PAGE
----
Recession leads to less garbage


The recession is having at least one positive impact in California -- less garbage, according to an Associated Press story.

The story points out that there is less waste because people are buying fewer items, eat out less, and construction waste has dropped with the housing market.

While all that may be true, I'd venture a guess that landfills will see more stuff coming in as more people lose their jobs. Why? Without a job to go to, more unemployed people are home doing household chores, such as cleaning out the garage, especially during a recession, as I reported on WalletPop last week about a study on how the unemployed spend their time.

For now, at least, landfills around California are seeing less garbage, with drops in San Francisco, San Diego and Puente Hills near Los Angeles. That's led to some savings, such as Los Angeles collecting 6% less trash in the last three months, saving the city more than $400,000 in fees to the dump.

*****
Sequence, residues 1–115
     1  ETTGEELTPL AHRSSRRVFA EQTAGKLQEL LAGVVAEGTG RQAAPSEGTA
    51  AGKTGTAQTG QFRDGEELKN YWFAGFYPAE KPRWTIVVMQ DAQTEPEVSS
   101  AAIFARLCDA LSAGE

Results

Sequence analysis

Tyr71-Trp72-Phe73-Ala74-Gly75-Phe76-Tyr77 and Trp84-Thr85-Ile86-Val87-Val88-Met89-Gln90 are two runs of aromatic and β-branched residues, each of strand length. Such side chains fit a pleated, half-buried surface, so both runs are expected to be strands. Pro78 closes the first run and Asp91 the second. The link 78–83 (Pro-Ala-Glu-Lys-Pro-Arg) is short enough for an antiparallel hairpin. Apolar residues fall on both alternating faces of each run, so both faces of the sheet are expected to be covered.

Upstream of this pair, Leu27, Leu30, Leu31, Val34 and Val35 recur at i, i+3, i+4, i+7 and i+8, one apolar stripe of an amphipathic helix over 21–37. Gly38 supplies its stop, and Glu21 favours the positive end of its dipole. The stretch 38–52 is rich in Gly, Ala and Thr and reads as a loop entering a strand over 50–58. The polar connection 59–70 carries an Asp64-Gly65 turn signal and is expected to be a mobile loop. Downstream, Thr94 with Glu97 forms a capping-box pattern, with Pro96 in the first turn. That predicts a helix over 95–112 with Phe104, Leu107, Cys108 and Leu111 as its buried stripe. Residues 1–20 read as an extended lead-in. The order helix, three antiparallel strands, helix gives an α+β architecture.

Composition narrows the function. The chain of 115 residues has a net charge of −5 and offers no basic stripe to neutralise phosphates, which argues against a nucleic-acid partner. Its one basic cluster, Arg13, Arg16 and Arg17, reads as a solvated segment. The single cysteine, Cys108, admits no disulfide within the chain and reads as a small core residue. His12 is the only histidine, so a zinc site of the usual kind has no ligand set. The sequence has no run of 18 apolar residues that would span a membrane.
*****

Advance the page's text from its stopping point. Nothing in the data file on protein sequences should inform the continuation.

Another related effect of the recession on trash is that it may hurt California's efforts to reuse most of its waste. More recyclables are ending up in landfills now as commodity prices have fallen, leaving cities with less money from their recycling programs.

California law calls for half of all trash to be diverted from dumps, and the glut of recycling going to the dump instead of being recycled may lower the percentage being diverted.

Aaron Crowe is an unemployed journalist in the San Francisco Bay Area. Read about his job search at